Diagnostic techniques applied to the field of cultural heritage represent a very important aspect of scientific investigation. Recently, proteomic approaches based on mass spectrometry coupled with traditional spectroscopic methods have been used for painting analysis, generating promising results for binder's protein identification. In the present work, an improved procedure based on LC-ESI/Q-q-TOF tandem mass spectrometry for the identification of protein binders has been developed for the molecular characterization of samples from an early-twentieth-century mural painting from the St. Dimitar Cathedral in Vidin, Bulgaria. The proteomic investigation has led to the identification of both egg white and egg yolk proteins, according to traditional old recipes for tempera paintings. In addition, beyond the egg components, the presence of caseins was also revealed, thus suggesting the use of milk as binding medium, fixative or stabilising agent. Furthermore, for the first time, the capability to discriminate the milk origin on the basis of alpha casein proteotypic peptides is reported, that are diagnostic for a given species, thus opening interesting perspectives in art and archaeological fields. © 2009 Springer-Verlag.

Improved procedure for protein binder analysis in mural painting by LC-ESI/Q-q-TOF mass spectrometry: detection of different milk species by casein proteotypic peptides

CHAMBERY, Angela;DI MARO, Antimo;
2009

Abstract

Diagnostic techniques applied to the field of cultural heritage represent a very important aspect of scientific investigation. Recently, proteomic approaches based on mass spectrometry coupled with traditional spectroscopic methods have been used for painting analysis, generating promising results for binder's protein identification. In the present work, an improved procedure based on LC-ESI/Q-q-TOF tandem mass spectrometry for the identification of protein binders has been developed for the molecular characterization of samples from an early-twentieth-century mural painting from the St. Dimitar Cathedral in Vidin, Bulgaria. The proteomic investigation has led to the identification of both egg white and egg yolk proteins, according to traditional old recipes for tempera paintings. In addition, beyond the egg components, the presence of caseins was also revealed, thus suggesting the use of milk as binding medium, fixative or stabilising agent. Furthermore, for the first time, the capability to discriminate the milk origin on the basis of alpha casein proteotypic peptides is reported, that are diagnostic for a given species, thus opening interesting perspectives in art and archaeological fields. © 2009 Springer-Verlag.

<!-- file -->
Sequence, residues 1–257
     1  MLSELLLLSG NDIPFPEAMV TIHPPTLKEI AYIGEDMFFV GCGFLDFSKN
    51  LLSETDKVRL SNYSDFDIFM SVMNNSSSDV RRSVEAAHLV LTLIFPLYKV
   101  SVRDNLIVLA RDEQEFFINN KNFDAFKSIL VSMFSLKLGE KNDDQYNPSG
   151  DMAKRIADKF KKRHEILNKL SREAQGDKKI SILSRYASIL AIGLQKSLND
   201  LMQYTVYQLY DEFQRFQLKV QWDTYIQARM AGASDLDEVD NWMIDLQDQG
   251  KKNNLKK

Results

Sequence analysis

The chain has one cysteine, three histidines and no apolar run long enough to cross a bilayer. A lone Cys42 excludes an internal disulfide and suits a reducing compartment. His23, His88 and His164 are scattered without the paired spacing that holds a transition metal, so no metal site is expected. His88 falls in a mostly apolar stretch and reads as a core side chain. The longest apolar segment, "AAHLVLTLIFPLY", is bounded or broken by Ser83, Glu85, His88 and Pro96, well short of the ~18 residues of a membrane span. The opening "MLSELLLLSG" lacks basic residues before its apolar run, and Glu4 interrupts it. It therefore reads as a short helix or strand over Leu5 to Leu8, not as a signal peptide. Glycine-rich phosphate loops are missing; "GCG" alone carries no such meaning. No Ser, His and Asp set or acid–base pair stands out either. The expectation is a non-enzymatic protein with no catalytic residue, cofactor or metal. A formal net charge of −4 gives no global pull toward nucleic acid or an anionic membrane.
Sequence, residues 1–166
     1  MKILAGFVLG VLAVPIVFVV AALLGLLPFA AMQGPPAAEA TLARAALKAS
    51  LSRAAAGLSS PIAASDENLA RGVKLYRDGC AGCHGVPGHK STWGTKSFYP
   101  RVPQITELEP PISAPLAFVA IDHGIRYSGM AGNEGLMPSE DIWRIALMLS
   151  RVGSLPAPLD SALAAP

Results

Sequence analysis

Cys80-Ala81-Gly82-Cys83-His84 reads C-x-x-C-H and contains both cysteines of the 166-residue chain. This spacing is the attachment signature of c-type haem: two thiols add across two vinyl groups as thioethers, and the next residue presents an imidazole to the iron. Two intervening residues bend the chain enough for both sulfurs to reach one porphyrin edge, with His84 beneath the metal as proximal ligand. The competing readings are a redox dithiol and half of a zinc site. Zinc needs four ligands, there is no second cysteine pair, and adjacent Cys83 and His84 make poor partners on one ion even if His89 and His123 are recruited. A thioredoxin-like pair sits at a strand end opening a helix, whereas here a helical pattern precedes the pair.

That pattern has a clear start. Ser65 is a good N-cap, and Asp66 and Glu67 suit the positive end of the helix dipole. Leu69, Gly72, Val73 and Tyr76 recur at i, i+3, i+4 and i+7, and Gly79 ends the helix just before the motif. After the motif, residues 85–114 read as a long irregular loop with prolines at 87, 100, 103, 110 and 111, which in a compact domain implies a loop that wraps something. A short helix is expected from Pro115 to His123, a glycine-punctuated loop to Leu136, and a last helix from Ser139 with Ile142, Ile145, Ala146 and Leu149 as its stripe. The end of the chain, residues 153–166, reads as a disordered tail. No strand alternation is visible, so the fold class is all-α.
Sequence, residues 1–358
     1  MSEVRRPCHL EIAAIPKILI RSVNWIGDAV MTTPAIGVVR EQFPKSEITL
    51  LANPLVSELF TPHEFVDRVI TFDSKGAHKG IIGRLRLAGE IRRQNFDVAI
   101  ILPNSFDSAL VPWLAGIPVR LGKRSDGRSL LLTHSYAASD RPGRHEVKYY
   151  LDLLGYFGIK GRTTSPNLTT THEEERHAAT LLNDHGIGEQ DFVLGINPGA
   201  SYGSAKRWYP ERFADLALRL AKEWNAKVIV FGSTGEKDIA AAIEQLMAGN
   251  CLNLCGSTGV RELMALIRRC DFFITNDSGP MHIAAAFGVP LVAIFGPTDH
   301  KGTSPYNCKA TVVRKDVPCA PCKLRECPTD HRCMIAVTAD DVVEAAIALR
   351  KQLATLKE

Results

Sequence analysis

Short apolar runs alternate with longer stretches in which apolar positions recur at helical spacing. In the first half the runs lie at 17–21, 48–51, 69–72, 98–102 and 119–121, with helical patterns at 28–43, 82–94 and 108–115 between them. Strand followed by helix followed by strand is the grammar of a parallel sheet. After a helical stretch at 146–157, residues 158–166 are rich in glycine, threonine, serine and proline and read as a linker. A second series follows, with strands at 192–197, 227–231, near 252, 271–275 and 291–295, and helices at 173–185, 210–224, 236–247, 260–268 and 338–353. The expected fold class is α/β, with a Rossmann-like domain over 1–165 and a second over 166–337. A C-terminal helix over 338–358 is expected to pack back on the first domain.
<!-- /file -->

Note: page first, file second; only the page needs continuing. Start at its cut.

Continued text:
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Utilizza questo identificativo per citare o creare un link a questo documento: http://hdl.handle.net/11591/190197
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